VisualEditor/Design/Bidirectional text requirements

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Since MediaWiki in general and Wikimedia projects in particular are used in right-to-left languages, such as Arabic, Pashto, Persian and Hebrew, the projected visual editor must support writing and displaying them easily.

"Easily" in this context means that any user must be able to write mixed right-to-left and left-to-right text as easily as he would do it with pen and paper and see the results while editing.

Although this is true for any text in right-to-left languages, proper support for mixing right-to-left and left-to-right is of particular importance for Wikimedia projects, which are heavily multilingual and frequently cite foreign names.

This document tries to be more functional - to describe what the software should do, rather than technical - to describe how it should be implemented. Some implementation suggestions may creep into the document nevertheless.

The direction property[edit]

It must be possible to apply the direction property at several levels:

  • the level of a content page
  • a block-level element (usually a paragraph, but possibly also a table cell, and possible a template etc.)
  • an inline element (effectively <span>, but probably set using a template).


The page-level direction property is inherited from the direction of the page content language (see Title::getPageLanguage), which is by default mostly the wiki content language but can be overridden by using the PageContentLanguage hook. As an example, this causes meta:Donor_policy/ar to be displayed correctly RTL because the Translate extension makes use of this hook.

However, it is not possible to override the language through the wiki itself, which is usually addressed by manually applying <div dir="(ltr|rtl|auto)" class="mw-content-(ltr|rtl)"> to the whole page. (See bug 28970.) Having the ability to set it per-page through the wiki is particularly useful for current Wikimedia sites like Meta, Commons, Outreach, Strategy etc., for "embassy" pages in various projects, and for other purposes.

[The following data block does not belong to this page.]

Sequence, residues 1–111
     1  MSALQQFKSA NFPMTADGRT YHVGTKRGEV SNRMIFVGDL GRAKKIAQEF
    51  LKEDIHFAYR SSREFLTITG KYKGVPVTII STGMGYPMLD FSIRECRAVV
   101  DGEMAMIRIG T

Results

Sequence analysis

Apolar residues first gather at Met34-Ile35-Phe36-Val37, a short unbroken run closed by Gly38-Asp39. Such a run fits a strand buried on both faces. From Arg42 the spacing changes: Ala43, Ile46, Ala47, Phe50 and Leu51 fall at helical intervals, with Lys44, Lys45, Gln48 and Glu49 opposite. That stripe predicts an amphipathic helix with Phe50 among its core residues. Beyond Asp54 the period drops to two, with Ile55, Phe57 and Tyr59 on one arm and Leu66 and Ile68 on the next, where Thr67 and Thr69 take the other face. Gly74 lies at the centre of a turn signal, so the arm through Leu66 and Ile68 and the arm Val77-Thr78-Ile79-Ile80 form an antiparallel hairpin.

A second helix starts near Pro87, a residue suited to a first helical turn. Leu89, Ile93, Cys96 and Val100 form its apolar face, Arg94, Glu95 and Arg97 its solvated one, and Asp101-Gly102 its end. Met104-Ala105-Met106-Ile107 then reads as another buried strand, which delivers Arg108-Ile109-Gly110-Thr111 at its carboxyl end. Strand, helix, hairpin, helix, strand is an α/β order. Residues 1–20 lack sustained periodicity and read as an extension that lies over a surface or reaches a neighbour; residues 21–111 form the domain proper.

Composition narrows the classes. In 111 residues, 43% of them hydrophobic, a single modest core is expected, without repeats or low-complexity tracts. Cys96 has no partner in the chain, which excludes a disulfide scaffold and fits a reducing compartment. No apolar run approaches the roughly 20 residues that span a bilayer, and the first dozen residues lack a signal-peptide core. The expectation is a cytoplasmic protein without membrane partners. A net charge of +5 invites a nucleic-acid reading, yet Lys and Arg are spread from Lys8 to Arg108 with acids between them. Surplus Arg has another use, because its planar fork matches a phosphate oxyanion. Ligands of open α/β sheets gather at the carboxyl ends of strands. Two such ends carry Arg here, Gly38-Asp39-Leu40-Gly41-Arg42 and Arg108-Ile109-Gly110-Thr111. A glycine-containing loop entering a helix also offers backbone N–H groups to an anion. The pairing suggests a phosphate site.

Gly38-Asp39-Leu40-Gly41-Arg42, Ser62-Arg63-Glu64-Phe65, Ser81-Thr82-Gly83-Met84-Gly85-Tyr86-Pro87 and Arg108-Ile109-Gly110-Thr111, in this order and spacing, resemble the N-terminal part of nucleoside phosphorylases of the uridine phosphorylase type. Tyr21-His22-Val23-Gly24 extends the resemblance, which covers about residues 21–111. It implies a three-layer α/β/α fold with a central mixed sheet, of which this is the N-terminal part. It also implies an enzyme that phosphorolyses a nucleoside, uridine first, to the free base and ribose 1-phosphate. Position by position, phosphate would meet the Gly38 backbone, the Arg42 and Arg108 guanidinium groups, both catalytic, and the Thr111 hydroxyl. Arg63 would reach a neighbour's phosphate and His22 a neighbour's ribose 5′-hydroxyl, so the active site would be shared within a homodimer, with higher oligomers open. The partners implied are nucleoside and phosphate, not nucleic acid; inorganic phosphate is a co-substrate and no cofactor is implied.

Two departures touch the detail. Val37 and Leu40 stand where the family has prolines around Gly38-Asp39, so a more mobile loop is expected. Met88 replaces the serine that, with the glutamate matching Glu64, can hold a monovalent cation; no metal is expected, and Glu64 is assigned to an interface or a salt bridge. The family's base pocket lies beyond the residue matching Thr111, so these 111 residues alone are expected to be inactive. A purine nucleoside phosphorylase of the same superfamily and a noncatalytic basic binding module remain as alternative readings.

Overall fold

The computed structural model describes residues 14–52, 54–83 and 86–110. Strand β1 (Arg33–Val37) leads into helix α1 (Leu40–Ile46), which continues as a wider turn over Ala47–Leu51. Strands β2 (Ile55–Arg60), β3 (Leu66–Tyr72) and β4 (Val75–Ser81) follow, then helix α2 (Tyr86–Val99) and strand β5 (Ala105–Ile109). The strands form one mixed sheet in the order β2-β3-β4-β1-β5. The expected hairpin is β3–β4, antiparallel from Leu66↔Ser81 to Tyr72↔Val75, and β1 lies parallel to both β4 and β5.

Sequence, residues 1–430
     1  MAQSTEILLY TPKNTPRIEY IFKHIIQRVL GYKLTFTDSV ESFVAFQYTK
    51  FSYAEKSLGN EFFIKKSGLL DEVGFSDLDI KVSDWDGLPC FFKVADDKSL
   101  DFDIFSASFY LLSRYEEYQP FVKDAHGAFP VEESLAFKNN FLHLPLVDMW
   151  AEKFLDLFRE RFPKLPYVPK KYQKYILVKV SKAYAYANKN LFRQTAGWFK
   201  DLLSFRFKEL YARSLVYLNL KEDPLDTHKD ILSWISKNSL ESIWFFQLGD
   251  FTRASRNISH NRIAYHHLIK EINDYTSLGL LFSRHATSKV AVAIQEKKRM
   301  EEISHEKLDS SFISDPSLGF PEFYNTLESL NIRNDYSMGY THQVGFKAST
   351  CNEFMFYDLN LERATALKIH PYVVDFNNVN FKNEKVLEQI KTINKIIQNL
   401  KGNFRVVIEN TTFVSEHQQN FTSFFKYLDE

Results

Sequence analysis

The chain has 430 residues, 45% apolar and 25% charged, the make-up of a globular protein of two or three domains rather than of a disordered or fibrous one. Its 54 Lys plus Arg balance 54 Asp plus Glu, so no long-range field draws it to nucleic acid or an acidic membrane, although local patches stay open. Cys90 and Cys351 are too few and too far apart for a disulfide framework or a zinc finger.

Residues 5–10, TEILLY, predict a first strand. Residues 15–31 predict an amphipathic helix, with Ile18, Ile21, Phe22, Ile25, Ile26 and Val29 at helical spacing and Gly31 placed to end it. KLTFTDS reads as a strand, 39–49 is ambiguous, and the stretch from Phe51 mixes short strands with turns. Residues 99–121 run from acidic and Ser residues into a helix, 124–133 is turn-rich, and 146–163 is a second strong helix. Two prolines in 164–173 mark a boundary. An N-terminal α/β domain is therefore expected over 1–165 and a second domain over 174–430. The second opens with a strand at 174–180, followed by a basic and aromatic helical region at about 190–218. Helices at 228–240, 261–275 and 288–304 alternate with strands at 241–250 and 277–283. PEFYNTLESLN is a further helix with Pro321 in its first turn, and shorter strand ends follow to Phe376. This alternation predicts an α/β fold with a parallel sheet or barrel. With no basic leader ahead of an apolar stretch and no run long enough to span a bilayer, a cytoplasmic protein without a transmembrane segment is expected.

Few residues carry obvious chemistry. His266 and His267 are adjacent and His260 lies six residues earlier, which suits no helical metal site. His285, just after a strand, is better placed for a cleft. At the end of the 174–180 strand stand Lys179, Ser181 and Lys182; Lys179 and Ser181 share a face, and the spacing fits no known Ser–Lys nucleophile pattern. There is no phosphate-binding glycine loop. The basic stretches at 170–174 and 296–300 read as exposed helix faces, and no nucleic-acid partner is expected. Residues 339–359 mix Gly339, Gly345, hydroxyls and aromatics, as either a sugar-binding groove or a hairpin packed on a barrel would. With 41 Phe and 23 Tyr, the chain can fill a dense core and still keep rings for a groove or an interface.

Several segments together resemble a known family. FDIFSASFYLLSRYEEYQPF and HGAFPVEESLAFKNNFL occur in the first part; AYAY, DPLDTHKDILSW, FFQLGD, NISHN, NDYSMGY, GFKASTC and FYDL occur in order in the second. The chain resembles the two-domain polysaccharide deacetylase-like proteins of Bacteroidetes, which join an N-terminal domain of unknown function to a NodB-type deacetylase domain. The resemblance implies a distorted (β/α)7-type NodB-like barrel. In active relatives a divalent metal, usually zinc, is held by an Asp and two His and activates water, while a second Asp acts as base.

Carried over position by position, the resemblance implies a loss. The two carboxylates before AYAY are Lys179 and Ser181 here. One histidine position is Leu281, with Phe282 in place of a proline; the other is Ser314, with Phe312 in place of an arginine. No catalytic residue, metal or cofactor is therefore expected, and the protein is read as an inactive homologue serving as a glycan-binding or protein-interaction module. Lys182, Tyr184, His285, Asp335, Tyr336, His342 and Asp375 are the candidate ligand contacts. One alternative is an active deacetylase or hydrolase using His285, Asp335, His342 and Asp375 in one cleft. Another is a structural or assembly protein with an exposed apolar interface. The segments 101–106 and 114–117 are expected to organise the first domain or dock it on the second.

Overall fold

UI idea: this can be an option selectable from a dropdown list placed somewhere in "page properties" in the editing mode (is there such a thing now?)

Another barely related idea: everybody hates that stuff like categories, interlanguage links, DEFAULTSORT etc. are part of the page source. These can also be changed in something like "page properties".

Implementation: This property should probably be stored in the database as a column in the page table. If it is defined, 'mw-content-ltr' or 'mw-content-rtl' should be used accordingly.

Language: It is not directly related to directionality, but it may be useful to set the language (lang attribute) at the same levels. Direction may also be set automatically according to the language.


The paragraph-level direction property is inherited from the direction of the page, but it must be possible to override it.

A demonstration of writing left-to-right and right-to-left in LibreOffice. Notice the toolbar buttons and the dropdown at the bottom of the dialog. Click to enlarge.

In existing software there are usually three ways to do it:

  1. Pressing Ctrl-Shift (see #Keyboard interaction).
  2. Pressing a button in the toolbar. It usually looks more or less like this: ¶◄ (see screenshot).
  3. Selecting an option in a "Format paragraph" dialog (see screenshot).

As far as the internal implementation goes, adding a dir attribute to the <p> element should be enough.

Several paragraphs at once[edit]

Pending question: Should the setting of direction for several paragraphs at once exist? Something like:

<div dir="rtl">
<p>RTL paragraph 1</p>
<p>RTL paragraph 2</p>
<p>RTL paragraph 3</p>

It would be comparable to a section in OpenDocument.

For display purposes setting direction per paragraph is enough, but applying this to several paragraphs may be useful for semantic markup, for example to indicate a long quote.


This is needed for writing a string with directionality X inside a paragraph with directionality Y.

Common scenarios:

Scenarios correct incorrect
An English brand in the Arabic Wikipedia Yahoo! Yahoo!
An English brand in the Arabic Wikipedia 7 Up 7 Up
A Hebrew brand in the English Wikipedia וואלה! וואלה!

Most likely this would be an HTML <span>, but it can also be <bdi> (in HTML5), <code> and other elements.

In other rich text editors: OpenDocument doesn't support this feature natively, but only through the use of control characters, such as RLM and RLE/PDF. Microsoft Word seems to try to support it by assuming the inline text direction according to the language of the current keyboard layout, which is rather intuitive and user-friendly, but it doesn't offer any other way to control it afterwards, which may be confusing.